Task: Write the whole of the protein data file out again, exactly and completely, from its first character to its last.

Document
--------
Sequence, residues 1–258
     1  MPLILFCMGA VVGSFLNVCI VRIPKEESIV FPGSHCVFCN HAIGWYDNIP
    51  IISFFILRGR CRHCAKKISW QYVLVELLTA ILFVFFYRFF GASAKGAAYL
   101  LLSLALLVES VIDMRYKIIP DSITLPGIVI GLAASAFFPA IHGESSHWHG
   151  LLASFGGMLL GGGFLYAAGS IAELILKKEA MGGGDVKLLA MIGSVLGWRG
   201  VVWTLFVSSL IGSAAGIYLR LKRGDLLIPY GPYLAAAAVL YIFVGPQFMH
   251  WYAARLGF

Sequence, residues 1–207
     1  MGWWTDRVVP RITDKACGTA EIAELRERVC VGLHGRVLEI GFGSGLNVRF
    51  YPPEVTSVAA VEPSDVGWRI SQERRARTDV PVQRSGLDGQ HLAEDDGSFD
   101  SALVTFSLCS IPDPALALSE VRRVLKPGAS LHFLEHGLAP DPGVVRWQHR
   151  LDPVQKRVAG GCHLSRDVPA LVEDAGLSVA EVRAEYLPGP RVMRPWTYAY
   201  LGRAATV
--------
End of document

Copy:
Sequence, residues 1–258
     1  MPLILFCMGA VVGSFLNVCI VRIPKEESIV FPGSHCVFCN HAIGWYDNIP
    51  IISFFILRGR CRHCAKKISW QYVLVELLTA ILFVFFYRFF GASAKGAAYL
   101  LLSLALLVES VIDMRYKIIP DSITLPGIVI GLAASAFFPA IHGESSHWHG
   151  LLASFGGMLL GGGFLYAAGS IAELILKKEA MGGGDVKLLA MIGSVLGWRG
   201  VVWTLFVSSL IGSAAGIYLR LKRGDLLIPY GPYLAAAAVL YIFVGPQFMH
   251  WYAARLGF

Sequence, residues 1–207
     1  MGWWTDRVVP RITDKACGTA EIAELRERVC VGLHGRVLEI GFGSGLNVRF
    51  YPPEVTSVAA VEPSDVGWRI SQERRARTDV PVQRSGLDGQ HLAEDDGSFD
   101  SALVTFSLCS IPDPALALSE VRRVLKPGAS LHFLEHGLAP DPGVVRWQHR
   151  LDPVQKRVAG GCHLSRDVPA LVEDAGLSVA EVRAEYLPGP RVMRPWTYAY
   201  LGRAATV